Crime Scene Documentation for First Responders

Crime Scene Documentation for First Responders
Duration: 60 Minutes
Module 1 Module 1
Recorded on: 2024-07-11
Unit 1 Presentation Materials: Crime Scene Documentation for First Responders
Unit 2 Transcript: Crime Scene Documentation for First Responders
Unit 3 Workbook: Crime Scene Documentation for First Responders
Unit 4 Recording: Crime Scene Documentation for First Responders

Effective crime scene documentation is essential for preserving evidence and accurately representing the scene. This webinar walks us through the role first responders play in documenting the scene upon arrival and what they can do to facilitate better scene preservation and evidence collection – things that are critical down the line during investigation and prosecution.

Leading the conversation is Andrew R. Reitanauer, the CEO, lead trainer, and instructional designer of Delta Forensics. He is a Certified Senior Crime Scene Analyst (CSCSA) through the International Association for Identification, and an adjunct professor instructing courses on Crime Scene Investigation, Fingerprint Analysis, and Criminalistics. He had 18 years of experience within the forensic laboratory system as an active Trainer, Latent Print Examiner, and Crime Scene Responder, among others.

Points Andrew covered in his presentation include:

  • How the success of crime scene investigation is heavily impacted by the actions taken by first responders before investigators arrive.
  • A rundown of the different first responders who are involved in life-saving and securing the scene that can assist with preserving the crime scene.
  • The different situations and factors that necessitate immediate action and may inadvertently result in altering the crime scene before investigators arrive.
  • Scene security guidelines to ensure that the crime scene remains preserved as much as possible and alterations of the conditions remain minimal.
  • The importance of thorough documentation and marking perimeter edges in large-scale accident scenes which may include debris fields and tire/skid marks to provide crucial information.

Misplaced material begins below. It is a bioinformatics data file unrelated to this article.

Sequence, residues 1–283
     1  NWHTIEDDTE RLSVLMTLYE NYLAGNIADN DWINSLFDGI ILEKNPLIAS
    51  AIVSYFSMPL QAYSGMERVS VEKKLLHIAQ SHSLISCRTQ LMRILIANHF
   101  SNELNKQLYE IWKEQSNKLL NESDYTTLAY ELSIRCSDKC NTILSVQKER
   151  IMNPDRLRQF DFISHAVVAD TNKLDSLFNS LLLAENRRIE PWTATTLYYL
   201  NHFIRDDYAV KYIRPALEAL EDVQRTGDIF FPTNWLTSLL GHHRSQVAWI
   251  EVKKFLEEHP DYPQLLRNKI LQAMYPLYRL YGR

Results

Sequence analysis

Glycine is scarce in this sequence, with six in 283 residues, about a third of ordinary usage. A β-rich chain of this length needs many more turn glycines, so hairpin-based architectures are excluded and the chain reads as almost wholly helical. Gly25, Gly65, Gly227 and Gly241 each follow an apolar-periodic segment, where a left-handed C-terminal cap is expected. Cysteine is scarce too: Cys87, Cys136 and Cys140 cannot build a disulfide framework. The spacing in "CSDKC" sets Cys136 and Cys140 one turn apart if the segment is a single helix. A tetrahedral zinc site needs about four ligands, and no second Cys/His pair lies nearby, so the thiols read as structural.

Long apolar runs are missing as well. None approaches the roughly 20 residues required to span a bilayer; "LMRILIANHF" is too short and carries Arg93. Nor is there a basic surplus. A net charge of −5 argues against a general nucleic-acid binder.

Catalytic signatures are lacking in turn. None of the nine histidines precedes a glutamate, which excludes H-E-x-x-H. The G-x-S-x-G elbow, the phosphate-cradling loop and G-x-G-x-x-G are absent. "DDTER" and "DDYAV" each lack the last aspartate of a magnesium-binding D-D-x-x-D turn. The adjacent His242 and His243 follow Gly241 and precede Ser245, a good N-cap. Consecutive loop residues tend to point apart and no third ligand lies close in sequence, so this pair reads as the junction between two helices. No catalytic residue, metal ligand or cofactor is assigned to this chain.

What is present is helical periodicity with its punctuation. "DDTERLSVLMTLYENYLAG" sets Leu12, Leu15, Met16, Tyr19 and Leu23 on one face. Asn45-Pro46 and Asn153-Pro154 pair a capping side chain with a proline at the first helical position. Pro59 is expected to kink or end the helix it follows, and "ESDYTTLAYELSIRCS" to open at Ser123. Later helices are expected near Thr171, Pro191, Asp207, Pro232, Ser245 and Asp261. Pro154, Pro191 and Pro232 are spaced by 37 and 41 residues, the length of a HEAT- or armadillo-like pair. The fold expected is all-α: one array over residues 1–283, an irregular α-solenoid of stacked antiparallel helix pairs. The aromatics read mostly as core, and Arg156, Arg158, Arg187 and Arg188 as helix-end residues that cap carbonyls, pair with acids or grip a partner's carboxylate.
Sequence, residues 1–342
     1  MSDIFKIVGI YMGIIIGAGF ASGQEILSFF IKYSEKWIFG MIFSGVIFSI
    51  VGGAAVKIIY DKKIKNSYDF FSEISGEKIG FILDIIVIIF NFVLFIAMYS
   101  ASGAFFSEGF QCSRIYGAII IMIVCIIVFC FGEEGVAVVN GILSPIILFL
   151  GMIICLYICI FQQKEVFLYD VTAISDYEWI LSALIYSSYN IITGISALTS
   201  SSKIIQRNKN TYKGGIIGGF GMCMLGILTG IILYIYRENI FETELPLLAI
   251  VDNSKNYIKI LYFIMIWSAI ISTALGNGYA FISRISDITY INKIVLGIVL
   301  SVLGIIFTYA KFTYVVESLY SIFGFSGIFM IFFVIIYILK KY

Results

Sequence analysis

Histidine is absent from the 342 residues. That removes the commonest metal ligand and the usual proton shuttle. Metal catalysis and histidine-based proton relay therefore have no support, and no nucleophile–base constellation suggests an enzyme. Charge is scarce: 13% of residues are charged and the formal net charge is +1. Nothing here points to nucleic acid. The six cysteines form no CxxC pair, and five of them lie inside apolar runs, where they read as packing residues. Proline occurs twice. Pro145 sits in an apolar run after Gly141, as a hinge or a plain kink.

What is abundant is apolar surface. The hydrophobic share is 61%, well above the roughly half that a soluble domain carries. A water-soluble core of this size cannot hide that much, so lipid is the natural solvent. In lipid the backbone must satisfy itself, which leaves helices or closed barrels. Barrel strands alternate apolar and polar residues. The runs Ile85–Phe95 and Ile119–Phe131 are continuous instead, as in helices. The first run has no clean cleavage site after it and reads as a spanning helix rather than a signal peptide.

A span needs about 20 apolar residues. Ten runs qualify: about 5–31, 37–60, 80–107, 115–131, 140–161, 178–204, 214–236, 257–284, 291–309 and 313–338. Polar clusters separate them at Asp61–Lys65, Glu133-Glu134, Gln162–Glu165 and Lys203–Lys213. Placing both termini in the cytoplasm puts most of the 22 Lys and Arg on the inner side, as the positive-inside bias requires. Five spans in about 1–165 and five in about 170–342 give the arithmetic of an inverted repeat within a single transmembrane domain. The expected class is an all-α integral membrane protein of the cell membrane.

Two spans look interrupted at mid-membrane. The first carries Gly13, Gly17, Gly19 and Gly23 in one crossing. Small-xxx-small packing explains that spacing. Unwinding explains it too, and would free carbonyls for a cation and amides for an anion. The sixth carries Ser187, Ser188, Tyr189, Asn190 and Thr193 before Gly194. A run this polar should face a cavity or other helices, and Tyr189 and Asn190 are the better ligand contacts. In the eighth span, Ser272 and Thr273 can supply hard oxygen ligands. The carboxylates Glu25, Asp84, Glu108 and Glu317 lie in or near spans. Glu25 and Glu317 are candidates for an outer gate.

• Considerations taken into account surrounding traffic scenes.
    • Preservation of life and ensuring the safety of the first responders on the scene.
    • Documenting any potential evidence that can be gleaned from the contents of vehicles involved such as paraphernalia, speedometer readings, and pedals.
    • How weather can change the crime scene conditions and obliterate evidence quickly and ways to manage these.
  • Elements to look out for in crime scenes involving animals.
    • Dealing with live evidence that can alter the scene and whose conditions can likewise change in time highlighting the importance of immediate and accurate documentation.
    • Ensuring the safety of the responders and the animals that may need prompt medical attention.
    • The moving parts involved in hoarder situations requiring early documentation.
  • How the color of the flame and the smoke require immediate and close attention in fire scenes and the importance of documenting it as it helps determine the fuel source.
  • Documentation pointers when capturing the crime scene through photography, notes, and sketches.
  • Tools and techniques to utilize without having specialized equipment to produce valuable information about the crime scene and its components for investigative purposes.
  • Key documentation pieces to include – the perimeter, what is seen, who is present, environmental observations and conditions, and scene access logs.
  • Factors that must be captured as quickly as possible to prevent alterations or complete loss.
  • How it’s better to over-document than to miss crucial details and how this can help avoid future investigation problems.

Points tackled in the Q&A are about:

  • Proper handling and packing of evidence to prevent degradation and maintain integrity.
  • Techniques to best photograph tire tracks and shoe prints.
  • First responders taking videos of the crime scene.
  • Whether taking part in documenting the crime scene requires one to testify in court,
  • Considerations on marking the perimeter and managing the flow of traffic at accident scenes.



Other Webinars with this Presenter


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